Meanwhile, spot crude oil prices in the Midland sub-basin were trading at around $61.50/bbl. If pure short-term variable costs of producing oil, such as lifting costs, gathering and transportation fees and taxes add up to roughly $10/bbl, that yields a gross margin of $51.50/bbl, according to NGI’s Patrick Rau, director of strategy and research.
“Any producer who had to pay $9 for gas in the Permian just added a crude oil equivalent of $54/bbl to those costs,” he said. “There goes their gross margin, and unless it would cost producers even more if they shut-in those wells, there goes their short-term economic incentive to keep pumping oil.”
In the Midcontinent, price declines were less impressive as regional prices fell a few pennies at best. Southern Star, however, tacked on another nickel or so to average $2.405 in response to ongoing maintenance on the pipeline.
Henry Hub was down 6.5 cents to $2.67, while most other pricing hubs in the Southeast slipped less than 5 cents.
Appalachian prices moved back into the black as Texas Eastern Transmission (Tetco) lifted the force majeure in effect since late January because of an explosion on its 30-inch diameter system south of the Berne, OH, compressor station. Lines 10 and 15 south of Berne were returned to service with an operational capacity of 2.16 Bcf/d, still about 100 MMcf/d short of Berne’s pre-explosion capacity, according to Genscape.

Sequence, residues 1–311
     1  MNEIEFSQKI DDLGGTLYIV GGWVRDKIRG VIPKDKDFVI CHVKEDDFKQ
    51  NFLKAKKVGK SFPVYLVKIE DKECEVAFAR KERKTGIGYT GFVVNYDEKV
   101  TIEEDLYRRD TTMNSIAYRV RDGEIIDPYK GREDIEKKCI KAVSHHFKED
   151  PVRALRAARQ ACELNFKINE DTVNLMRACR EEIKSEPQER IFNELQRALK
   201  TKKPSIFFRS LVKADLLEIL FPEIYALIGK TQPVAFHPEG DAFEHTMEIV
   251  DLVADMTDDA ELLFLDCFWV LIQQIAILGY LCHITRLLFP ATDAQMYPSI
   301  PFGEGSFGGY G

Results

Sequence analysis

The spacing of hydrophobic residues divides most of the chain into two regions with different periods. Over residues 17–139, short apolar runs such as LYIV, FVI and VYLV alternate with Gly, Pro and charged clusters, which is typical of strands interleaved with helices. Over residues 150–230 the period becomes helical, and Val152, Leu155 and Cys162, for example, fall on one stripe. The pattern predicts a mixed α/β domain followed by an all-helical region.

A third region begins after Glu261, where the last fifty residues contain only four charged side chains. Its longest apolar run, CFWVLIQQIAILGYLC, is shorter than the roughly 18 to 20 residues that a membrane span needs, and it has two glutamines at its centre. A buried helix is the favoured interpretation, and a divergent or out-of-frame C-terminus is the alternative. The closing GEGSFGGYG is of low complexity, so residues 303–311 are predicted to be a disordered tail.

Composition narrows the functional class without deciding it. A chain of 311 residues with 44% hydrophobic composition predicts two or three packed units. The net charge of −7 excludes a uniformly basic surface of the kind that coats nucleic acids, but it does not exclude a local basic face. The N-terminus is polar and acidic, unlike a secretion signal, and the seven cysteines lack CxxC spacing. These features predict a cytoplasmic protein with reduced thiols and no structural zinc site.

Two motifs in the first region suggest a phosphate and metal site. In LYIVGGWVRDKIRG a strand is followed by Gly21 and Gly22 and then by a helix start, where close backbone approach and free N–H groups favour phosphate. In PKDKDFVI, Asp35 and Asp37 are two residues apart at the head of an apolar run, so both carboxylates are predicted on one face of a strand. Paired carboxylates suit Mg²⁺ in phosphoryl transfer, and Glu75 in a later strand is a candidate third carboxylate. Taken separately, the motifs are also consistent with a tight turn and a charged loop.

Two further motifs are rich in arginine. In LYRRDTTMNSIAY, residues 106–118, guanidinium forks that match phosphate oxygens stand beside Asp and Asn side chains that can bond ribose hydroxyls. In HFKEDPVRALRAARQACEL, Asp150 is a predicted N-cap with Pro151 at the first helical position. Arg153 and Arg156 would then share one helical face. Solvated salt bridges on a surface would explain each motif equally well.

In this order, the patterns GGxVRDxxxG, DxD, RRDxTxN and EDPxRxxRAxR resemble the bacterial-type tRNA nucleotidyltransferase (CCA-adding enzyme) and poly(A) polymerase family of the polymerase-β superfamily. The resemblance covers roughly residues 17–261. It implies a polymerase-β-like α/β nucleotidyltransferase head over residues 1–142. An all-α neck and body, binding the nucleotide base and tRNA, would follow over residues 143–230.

“There has been no official word on restoring the remaining capacity,” Genscape analyst Josh Garcia said.
Line 10 between Holbrook to Uniontown is targeted for a return to full service by the middle of May as it is still roughly 40 MMcf/d below its pre-explosion capacity, but Tetco has stated that any restrictions associated with this outage have been lifted.
As such, Texas Eastern M-3, Delivery next-day gas rose 4.5 cents to $2.575.
New England prices pushed out small gains of less than a nickel.
Rockies prices were mixed, with stout increases at regional EPNG points. Northwest Sumas, meanwhile, held relatively steady at $2.53.
The sideways action at Sumas is a far cry from the volatility seen at the hub during the winter, after an October explosion on Enbridge Inc.’s Westcoast Transmission resulted in an interruption of imports from British Columbia (BC). The National Energy Board said BC gas production fell by 12% during 4Q2018 as a result of the explosion. The pipeline safety restriction continues to hold down gas deliveries to southern BC and the U.S. border crossing to about 1.4 Bcf/d, or 200 MMcf/d below normal, according to the board.
“Current production estimates anticipate that production will continue to recover, and could return to nonrupture levels by the fall of 2019,” the NEB said. “However, this is dependent on the company demonstrating it is safe for the BC pipeline to return to its licensed maximum operating pressure.”
In California, SoCal Citygate spot gas jumped more than 35 cents to $3.905.